Broken social scene—wait, I mean, contract

Hit and Miss #252


I hope you’re doing well. I don’t say that enough, tend not to address you directly—but it’s true, I do hope that, today and always. It’s an important affirmation, I think. I hope also that the sun shines for you, that clean water is there when you need it, that the air is light, and so on. All of these things can hurt, but, properly taken care of, they’re there to help, too. In other words, I care for both you and the environment you live in—you shape the latter, the latter shapes you, and they’re both important to me.

We took an afternoon walk in the heat today, thinking it wouldn’t be so bad. I’m feeling better now, thanks to some gently insistent care from T (living with a nurse, it’s great!), but the heat left me tired and loopy—please excuse, well, wherever we end up as a result!

Today’s format: Three medium(ish) sections, separated by two annotated links. It’s a bit longer than usual, but I hope worth your time. Let’s go!

Speaking of heat, news from Toronto this week of tenants receiving eviction notices for using air conditioners.

This isn’t quite as clear cut as the story seems—when is it ever—as the issue seems more about covering the higher hydro (electricity, for those outside Ontario) cost of the units, as the monthly rent includes utilities. While landlords are almost always happy to have a clear-cut reason to evict, of course, so they can raise rent, that doesn’t seem quite the case here.

But I think the overall outrage stands: increasingly, we can’t survive heat waves without air conditioning; forbidding use of A/C in a lease thus becomes an increasingly cruel, dangerous practice. Indeed, I support the call for a maximum heat threshold. We know there’s reduced cognitive capacity associated with heat exposure—not to mention the physical dangers of heat exposure.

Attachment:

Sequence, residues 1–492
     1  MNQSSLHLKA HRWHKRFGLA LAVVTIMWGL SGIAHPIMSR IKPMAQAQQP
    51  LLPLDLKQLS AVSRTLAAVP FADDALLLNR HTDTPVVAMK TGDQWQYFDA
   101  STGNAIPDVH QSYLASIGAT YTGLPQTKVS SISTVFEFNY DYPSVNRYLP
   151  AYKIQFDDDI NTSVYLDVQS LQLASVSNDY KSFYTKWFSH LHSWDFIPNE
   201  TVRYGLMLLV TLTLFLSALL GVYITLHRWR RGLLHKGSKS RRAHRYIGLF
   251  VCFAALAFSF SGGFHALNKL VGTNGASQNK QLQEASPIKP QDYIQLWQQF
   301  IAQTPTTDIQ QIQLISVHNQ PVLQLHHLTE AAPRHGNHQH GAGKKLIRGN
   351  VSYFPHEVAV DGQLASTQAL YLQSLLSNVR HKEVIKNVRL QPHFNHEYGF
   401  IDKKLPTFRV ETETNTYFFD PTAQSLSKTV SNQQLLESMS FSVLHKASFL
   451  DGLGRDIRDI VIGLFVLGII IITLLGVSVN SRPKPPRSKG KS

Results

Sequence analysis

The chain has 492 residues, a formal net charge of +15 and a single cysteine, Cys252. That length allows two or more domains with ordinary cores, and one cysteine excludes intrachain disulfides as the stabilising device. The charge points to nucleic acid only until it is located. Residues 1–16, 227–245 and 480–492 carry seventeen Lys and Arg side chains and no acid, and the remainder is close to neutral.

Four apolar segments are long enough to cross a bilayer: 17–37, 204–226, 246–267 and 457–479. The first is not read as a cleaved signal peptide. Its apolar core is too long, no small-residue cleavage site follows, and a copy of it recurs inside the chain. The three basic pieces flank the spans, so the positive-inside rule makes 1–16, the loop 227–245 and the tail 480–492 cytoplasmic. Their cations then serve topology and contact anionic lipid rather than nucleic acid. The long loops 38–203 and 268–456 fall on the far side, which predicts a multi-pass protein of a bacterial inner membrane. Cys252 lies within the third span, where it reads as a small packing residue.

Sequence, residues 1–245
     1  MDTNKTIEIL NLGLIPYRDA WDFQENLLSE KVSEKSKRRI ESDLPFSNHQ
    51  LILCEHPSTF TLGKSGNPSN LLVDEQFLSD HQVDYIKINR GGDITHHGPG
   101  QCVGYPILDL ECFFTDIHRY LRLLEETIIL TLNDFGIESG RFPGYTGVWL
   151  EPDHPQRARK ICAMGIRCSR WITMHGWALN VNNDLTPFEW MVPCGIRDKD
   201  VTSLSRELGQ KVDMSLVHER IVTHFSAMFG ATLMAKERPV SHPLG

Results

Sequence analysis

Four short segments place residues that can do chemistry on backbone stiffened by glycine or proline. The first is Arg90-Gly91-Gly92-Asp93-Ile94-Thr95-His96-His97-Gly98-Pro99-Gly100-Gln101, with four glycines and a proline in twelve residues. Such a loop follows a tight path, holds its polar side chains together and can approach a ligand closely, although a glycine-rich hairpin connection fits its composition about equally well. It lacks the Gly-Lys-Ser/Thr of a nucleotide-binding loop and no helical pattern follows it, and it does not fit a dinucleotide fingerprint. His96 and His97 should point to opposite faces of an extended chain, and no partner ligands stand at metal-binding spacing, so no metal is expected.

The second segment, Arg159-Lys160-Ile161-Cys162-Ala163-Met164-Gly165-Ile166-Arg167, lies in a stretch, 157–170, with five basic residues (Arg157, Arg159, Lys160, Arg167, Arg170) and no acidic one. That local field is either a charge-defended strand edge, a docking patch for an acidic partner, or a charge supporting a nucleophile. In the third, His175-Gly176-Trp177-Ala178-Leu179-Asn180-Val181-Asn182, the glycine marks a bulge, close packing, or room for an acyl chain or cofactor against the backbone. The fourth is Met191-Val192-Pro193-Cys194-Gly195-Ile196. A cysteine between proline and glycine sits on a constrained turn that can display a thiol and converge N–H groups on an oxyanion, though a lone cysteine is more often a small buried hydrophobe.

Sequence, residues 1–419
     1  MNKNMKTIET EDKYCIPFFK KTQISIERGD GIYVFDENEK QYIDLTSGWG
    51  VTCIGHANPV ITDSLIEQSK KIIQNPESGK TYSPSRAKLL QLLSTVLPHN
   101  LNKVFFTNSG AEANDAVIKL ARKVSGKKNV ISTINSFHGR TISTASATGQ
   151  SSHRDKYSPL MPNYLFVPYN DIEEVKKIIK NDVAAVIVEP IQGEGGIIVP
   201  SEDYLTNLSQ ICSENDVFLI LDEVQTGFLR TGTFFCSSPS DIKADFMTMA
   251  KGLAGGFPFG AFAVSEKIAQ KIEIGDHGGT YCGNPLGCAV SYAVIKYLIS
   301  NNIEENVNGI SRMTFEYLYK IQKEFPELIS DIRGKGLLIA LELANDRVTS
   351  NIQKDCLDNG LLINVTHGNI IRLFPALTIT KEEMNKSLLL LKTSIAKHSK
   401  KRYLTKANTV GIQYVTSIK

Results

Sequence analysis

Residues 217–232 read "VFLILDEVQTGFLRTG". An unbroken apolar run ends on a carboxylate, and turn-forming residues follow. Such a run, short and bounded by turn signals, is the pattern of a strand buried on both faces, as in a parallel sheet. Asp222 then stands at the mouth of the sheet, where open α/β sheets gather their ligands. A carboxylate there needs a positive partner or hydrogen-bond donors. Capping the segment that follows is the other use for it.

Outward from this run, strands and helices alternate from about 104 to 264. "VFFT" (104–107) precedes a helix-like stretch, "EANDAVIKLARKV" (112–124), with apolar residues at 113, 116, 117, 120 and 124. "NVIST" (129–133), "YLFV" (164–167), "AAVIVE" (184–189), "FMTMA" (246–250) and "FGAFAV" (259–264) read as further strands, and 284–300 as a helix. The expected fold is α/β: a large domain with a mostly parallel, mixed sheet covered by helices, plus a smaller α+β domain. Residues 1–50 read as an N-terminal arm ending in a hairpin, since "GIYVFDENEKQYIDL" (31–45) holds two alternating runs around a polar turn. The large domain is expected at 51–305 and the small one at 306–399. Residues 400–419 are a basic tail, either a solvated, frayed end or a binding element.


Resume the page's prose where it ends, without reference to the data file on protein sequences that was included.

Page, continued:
Tangentially, I’ve been wondering: heat exposure and long-COVID are both brain-reducing conditions; governments aren’t hurrying to prevent either; this seems likely to induce society-scale cognitive impairment. In other words, are we heading toward a future of bigger problems, but literally reduced capacity to think about them? This problem, of course, intersects with the question of who’ll be able to afford air conditioning—heat won’t (doesn’t) affect everyone equally.

Craig Mod, reflecting on catching COVID during his first trip abroad since the start of the pandemic, captures well my increasing ambivalence toward travel, particularly in a world that seems little concerned with keeping people safe.

Navneet Alang sings the praises of Environment Canada’s weather app, as a works-well haven from the data harvesting of consumer apps like the Weather Network’s.

This is an interesting counterpart to the GDS-era digital government advice to “build a website, not an app” (which, while a slogan lodged in my head, was maybe never actually written down and argued for).

The “build a website, not an app” argument is a classic technosolutionist one:

  • web tech is good enough that an information service like checking the weather would work just as reliably and quickly as a website (or even a progressive web app) as it could as a phone-native app;
  • and, for those who really want apps, we’ll just make the data available via API, so the market can build the apps people want (and will actually use, because that’s how phone usage works)!

But Alang’s argument points out the dereliction of duty governments perform when a digital service is left only to the market: it’ll likely become a honeypot for data harvesters, with surveillance-free alternatives hard to find. (While government as the surveillance-free alternative might be hard to square, it’s essentially what the federal government’s privacy law incentivizes.)

Having been involved in one or two technosolutionist projects (am I talking about a website? am I talking about an app? who knows!), let’s just say this argument left me thinking, in a very good way.